In this Amazon Original romance, Rege-Jean Page takes on the role of Chico Sweetney. Again, Page is playing a supporting role, and like his work in Mortal Engines it is central to the story being told. Sylvie’s Love is a highly stylized, romantic film that follows Sylvie (Tessa Thompson) and Robert (Nnamdi Asomugha) as lovers against a background of a changing, 1950s America. These two seem made for one another however it’s the vagaries of life (career, distance in relationships) that strain Sylvie and Robert the most. Rege-Jean Page is a character circling around the proceedings who adds another layer to the decisions our characters have to make. Honestly, he doesn’t seem to get enough screen time and one wonders if this fine film might have been even better if Page and Asomugha had switched roles? All that being said, director Eugene Ashe, a person who comes from the music world, really seems to have mined that experience for the wonderful story he wrote and directed here. It would be exciting to see what Ashe and Page could do in a project that they come up with together? I’m certain that Ashe was probably impressed with Page’s work onscreen, and it seems like with the actors newfound bankability, getting a project off the ground might not have to clear as many hurdles.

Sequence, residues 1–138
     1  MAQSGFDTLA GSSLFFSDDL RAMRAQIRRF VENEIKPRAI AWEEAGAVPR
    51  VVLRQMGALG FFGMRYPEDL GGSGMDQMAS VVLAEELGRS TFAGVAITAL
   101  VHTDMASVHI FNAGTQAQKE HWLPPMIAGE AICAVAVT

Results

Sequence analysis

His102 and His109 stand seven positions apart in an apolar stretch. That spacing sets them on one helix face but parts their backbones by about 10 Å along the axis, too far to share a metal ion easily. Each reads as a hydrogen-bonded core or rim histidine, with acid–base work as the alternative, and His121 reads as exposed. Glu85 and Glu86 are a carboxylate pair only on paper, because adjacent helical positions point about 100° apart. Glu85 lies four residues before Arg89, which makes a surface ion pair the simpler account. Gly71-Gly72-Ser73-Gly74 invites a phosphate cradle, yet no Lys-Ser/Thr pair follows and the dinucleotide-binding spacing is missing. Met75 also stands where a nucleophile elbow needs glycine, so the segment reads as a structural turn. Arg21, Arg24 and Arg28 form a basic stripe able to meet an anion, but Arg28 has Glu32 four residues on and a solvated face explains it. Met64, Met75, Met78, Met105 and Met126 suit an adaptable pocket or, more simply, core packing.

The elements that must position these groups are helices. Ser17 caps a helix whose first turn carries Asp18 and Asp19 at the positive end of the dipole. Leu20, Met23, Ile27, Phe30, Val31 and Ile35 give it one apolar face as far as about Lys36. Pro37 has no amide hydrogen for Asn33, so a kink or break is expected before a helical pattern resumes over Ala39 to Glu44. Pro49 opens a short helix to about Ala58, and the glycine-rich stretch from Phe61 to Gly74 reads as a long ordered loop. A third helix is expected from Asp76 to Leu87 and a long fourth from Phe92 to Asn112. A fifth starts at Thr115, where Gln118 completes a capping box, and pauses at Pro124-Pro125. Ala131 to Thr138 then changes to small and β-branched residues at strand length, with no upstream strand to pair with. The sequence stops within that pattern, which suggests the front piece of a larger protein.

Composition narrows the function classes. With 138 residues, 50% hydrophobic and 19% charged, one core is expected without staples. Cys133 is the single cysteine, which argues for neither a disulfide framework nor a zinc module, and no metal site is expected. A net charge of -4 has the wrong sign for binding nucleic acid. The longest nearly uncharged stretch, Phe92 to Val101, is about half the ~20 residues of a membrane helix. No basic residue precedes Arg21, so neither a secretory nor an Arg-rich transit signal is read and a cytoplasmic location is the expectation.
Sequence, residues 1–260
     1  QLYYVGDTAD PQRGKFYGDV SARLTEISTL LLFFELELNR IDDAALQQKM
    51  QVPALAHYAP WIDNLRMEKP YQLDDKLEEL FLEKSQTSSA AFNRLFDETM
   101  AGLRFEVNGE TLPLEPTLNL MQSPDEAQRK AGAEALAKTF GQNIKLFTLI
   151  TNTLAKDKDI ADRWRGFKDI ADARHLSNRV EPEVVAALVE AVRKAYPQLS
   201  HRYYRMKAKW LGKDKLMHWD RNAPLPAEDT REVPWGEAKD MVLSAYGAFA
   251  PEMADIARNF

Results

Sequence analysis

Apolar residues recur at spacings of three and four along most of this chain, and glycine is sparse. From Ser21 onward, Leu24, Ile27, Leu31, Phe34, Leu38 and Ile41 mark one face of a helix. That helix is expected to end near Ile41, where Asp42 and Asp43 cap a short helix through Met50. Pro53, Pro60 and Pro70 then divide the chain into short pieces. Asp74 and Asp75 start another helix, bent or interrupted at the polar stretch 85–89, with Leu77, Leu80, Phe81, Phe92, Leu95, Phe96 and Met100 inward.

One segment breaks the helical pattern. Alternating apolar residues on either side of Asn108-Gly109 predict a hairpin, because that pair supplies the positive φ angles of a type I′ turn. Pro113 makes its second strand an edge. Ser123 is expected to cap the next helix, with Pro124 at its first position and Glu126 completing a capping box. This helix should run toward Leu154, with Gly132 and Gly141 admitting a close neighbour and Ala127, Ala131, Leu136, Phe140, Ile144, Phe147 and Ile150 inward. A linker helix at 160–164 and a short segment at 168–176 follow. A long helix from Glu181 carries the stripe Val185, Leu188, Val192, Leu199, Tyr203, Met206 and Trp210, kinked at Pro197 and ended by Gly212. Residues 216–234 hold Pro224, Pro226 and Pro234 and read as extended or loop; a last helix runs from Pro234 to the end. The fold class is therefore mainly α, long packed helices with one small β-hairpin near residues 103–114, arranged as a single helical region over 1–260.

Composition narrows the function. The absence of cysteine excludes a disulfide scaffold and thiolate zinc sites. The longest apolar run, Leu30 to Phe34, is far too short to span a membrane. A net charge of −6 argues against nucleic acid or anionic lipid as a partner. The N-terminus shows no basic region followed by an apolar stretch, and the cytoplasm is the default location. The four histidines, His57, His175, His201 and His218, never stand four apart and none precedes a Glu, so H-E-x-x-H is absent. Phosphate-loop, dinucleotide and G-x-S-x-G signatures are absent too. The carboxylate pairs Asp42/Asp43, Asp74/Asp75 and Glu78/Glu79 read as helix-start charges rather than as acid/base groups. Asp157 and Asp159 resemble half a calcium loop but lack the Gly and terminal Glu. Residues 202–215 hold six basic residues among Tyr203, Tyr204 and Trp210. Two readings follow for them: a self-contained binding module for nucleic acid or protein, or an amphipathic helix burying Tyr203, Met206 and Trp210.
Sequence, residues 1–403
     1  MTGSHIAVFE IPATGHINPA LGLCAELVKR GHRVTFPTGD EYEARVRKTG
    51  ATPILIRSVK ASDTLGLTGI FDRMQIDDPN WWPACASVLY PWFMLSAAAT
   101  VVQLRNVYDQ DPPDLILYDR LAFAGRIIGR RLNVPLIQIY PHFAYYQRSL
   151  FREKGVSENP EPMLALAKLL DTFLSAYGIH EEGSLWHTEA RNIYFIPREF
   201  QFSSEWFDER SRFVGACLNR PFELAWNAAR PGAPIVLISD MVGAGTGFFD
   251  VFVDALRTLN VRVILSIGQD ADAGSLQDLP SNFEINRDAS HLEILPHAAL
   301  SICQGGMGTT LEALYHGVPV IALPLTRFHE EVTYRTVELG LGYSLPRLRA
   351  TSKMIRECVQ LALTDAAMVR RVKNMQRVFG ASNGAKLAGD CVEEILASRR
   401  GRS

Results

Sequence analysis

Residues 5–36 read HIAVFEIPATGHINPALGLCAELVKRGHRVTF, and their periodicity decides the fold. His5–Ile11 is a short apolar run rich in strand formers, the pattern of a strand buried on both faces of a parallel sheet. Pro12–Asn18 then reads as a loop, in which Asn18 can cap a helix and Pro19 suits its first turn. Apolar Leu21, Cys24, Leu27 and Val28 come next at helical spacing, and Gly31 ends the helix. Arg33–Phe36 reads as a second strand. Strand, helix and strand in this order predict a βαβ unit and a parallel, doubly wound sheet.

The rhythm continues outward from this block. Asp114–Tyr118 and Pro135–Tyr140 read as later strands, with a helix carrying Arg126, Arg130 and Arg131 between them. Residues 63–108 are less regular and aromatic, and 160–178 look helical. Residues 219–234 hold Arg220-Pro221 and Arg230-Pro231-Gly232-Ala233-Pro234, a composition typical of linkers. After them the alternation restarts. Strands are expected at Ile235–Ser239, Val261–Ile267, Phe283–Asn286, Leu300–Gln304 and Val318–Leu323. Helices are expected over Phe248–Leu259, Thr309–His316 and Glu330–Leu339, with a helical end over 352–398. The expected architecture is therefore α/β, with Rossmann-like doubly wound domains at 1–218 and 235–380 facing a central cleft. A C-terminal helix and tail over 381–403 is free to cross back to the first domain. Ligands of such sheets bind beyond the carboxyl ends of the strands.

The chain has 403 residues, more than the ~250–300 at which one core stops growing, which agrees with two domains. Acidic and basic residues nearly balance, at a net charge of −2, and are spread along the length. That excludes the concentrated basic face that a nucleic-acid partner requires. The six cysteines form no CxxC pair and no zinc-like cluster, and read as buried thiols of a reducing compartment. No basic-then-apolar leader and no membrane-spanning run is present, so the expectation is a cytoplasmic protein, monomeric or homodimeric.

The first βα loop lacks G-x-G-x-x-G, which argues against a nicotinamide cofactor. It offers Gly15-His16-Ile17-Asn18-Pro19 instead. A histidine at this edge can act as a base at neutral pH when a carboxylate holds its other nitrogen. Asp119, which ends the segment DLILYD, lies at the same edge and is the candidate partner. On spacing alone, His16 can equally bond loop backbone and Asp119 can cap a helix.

Regé-Jean Page in The Merchant of Venice
As an actor schooled in the UK, it seems only fitting that Rege-Jean Page should act in one of William Shakespeare’s plays. This story about Antonio and Bassanio getting in debt to Shylock is known the world over and has even created idioms still used in our popular culture. When they can’t pay what they owe, Shylock literally demands a pound of Bassanio’s flesh. In this famous tale, Page plays the role of Solanio. He is a friend to Antonio and also helps to explain the goings on to the audience. This play and movie has been done many times before with the best of the movie offerings (in my opinion) done in 2004 with Al Pacino in the coveted role of Shylock. Page makes great use of his time on screen. While not the star he is certainly one of the supporting actors and he really seems to understand the nuance of the material. Given what Bridgerton has done for his career, it isn’t much of a surprise that he “broke out” with period material. His work in The Merchant of Venice clearly foreshadows an actor who was going to pop sometime.
Regé-Jean Page in For the People